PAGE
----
The CyberWire Daily Podcast 9.15.20
Ep 1173 | 9.15.20
Zerologon: hey, patch already. CISA describes China’s cyberespionage techniques (and, hey, patch already). A data breach at the US Department of Veterans Affairs.
Transcript

Dave Bittner: Details of the Zerologon vulnerability are published, and it seems a serious one, indeed. CISA describes Chinese cyber-espionage practices. They're not exotic, but they're effective. What's the difference between highly targeted market research and intelligence collection against individuals? Better commercials? Ben Yelin explains a 9th Circuit Court opinion with Fourth Amendment implications. Our guest is Exabeam's Richard Cassidy on why, when it comes to insider risk, context is everything. And there's been a data breach at the VA.

Dave Bittner: From the CyberWire studios at DataTribe, I'm Dave Bittner with your CyberWire summary for Tuesday, September 15, 2020. 

Dave Bittner: Secura researchers have published details of a proof-of-concept exploit Zerologon, a Windows vulnerability that Microsoft patched last month as CVE-2020-1472 without much fanfare. The lack of fanfare is understandable. The problem is potentially a serious one. 

Dave Bittner: As Microsoft put it, quote, "an elevation of privilege vulnerability exists when an attacker establishes a vulnerable Netlogon secure channel connection to a domain controller using the Netlogon remote protocol, MS-NRPC. An attacker who successfully exploited the vulnerability could run a specially crafted application on a device on the network. To exploit the vulnerability, an unauthenticated attacker would be required to use MS-NRPC to connect to a domain controller to obtain domain administrator access," end quote. 

Dave Bittner: The vulnerability was rated critical, with the maximum numerical score of 10. But as the industry press has been saying yesterday and today, few realized how serious the problem was. 

Dave Bittner: ZDNet gives three actions an attacker who exploited Zerologon could take against the victim network. First, impersonate the identity of any computer on a network when trying to authenticate against the domain controller. Second, disable security features in the Netlogon authentication process. And finally, change a computer's password on the domain controller's active directory, a database of all computers joined to a domain and their passwords.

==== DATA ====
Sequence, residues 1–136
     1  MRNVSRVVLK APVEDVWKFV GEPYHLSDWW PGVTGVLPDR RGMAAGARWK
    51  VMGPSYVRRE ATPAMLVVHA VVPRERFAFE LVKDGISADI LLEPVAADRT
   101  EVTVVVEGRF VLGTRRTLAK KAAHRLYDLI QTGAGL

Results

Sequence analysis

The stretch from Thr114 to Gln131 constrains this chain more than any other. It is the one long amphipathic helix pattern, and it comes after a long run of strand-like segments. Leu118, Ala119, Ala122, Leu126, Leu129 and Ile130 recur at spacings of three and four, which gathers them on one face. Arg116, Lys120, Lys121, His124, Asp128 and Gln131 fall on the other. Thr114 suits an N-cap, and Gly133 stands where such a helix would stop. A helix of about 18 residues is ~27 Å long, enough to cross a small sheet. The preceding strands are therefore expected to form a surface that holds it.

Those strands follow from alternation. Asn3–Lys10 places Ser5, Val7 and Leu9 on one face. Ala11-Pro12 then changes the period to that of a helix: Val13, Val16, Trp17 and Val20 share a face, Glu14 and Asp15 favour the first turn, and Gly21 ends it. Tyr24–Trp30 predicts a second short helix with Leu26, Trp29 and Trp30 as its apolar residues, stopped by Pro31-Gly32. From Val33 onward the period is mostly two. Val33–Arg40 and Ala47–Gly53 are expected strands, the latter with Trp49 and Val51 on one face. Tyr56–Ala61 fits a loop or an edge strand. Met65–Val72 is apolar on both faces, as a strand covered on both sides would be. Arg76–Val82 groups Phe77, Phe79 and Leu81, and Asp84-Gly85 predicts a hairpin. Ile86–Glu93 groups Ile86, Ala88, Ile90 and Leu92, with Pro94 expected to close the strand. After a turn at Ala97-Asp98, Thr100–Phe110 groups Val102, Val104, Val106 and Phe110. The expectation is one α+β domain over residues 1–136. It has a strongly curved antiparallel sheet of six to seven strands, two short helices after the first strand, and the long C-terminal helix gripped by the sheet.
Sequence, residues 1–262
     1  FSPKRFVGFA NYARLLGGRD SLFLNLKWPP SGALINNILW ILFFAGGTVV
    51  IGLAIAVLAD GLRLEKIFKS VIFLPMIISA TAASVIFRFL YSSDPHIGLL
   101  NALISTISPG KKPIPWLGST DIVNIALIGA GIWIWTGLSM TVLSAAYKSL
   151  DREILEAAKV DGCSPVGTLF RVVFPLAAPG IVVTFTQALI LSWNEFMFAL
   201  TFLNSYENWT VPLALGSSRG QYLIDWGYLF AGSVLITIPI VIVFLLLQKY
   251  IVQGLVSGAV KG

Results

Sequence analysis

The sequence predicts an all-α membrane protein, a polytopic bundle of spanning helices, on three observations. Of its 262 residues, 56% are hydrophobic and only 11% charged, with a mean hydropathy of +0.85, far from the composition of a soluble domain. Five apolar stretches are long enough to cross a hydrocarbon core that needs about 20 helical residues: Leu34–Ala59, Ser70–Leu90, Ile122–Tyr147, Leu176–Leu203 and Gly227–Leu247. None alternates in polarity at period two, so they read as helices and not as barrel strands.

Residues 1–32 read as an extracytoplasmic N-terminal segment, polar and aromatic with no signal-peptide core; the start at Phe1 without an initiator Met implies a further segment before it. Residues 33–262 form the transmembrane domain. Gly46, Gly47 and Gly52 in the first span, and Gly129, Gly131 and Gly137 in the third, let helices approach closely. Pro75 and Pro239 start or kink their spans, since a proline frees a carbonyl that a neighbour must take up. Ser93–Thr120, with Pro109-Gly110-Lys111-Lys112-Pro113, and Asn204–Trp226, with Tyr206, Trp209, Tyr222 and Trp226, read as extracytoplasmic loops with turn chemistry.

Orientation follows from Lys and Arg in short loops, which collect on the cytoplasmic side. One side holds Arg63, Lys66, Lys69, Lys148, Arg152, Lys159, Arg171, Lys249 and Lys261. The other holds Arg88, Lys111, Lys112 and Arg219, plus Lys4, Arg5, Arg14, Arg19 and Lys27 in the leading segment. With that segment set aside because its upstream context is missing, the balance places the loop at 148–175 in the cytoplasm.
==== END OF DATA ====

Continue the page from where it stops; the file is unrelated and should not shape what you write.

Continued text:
Dave Bittner: An attacker would need access to the network before exploiting Zerologon, but then a lot of attackers succeed in obtaining that sort of access. 

Dave Bittner: Microsoft's August patch is regarded as a preliminary fix, but organizations are urged to apply it as quickly as possible. A more comprehensive solution is expected to be out in February. 

Dave Bittner: The U.S. Cybersecurity and Infrastructure Security Agency has released an advisory on the activities of China's Ministry of State Security, commonly referred to as the MSS, and its associated agencies and contractors. These operations are characterized by collection of open-source intelligence and by the use of readily available exploits. There's nothing particularly exotic about the tactics and techniques, but they've been proven effective nonetheless. 

Dave Bittner: The MSS has tended to concentrate on recently identified vulnerabilities, hoping to catch organizations that have been laggard in patching. Some of the issues exploited include Microsoft Exchange Server, CVE-2020-0688, F5's BIG-IP remote takeover vulnerability - that's CVE-2020-5902 - Pulse Secure VPN's remote code floor, CVE-2019-11510, and Citrix VPN's directory traversal problem, CVE-2019-19781. 

Dave Bittner: None of this should be particularly surprising. There are no style points in intelligence. If people aren't patching, why bother with expensive zero-days? If people are freely oversharing on social media for all the world to see like a deer waggling its antlers at a hunter, then don't be surprised if the intelligence service takes their shot, deer. 

Dave Bittner: The gap between a vulnerability's disclosure and patching and its exploitation has dropped to a matter of days. The agency said, quote, "CISA analysts consistently observed targeting, scanning and probing of significant vulnerabilities within days of their emergence and disclosure. This targeting, scanning and probing frequently leads to compromises at the hands of sophisticated cyberthreat actors. In some cases, cyberthreat actors have used the same vulnerabilities to compromise multiple organizations across many sectors," end quote. 

Dave Bittner: But the knowledge that people are watching and probing and trying should at least lend some additional urgency to applying available patches. That's part of CISA's point. As the agency puts it, "maintaining a rigorous patching cycle continues to be the best defense against the most frequently used attacks. If critical vulnerabilities remain unpatched, cyberthreat actors can carry out attacks without the need to develop custom malware and exploits or use previously unknown vulnerabilities to target a network," end quote. 

Dave Bittner: While CISA is concerned with countering the activities of an unfriendly intelligence service, the advice goes equally well as far as hardening an organization against a criminal attack is concerned. 

Dave Bittner: Proofpoint researchers this morning reported vulnerabilities that could enable attackers to bypass two-factor authentication in Microsoft Office 365. Two-factor authentication remains a valuable security measure, but this news is a useful reminder that it's not a panacea. 

Dave Bittner: Digital Shadows today warned that companies' access keys are being inadvertently exposed during software development, turning up on GitHub, GitLab and Pastebin. Almost half are for database stores.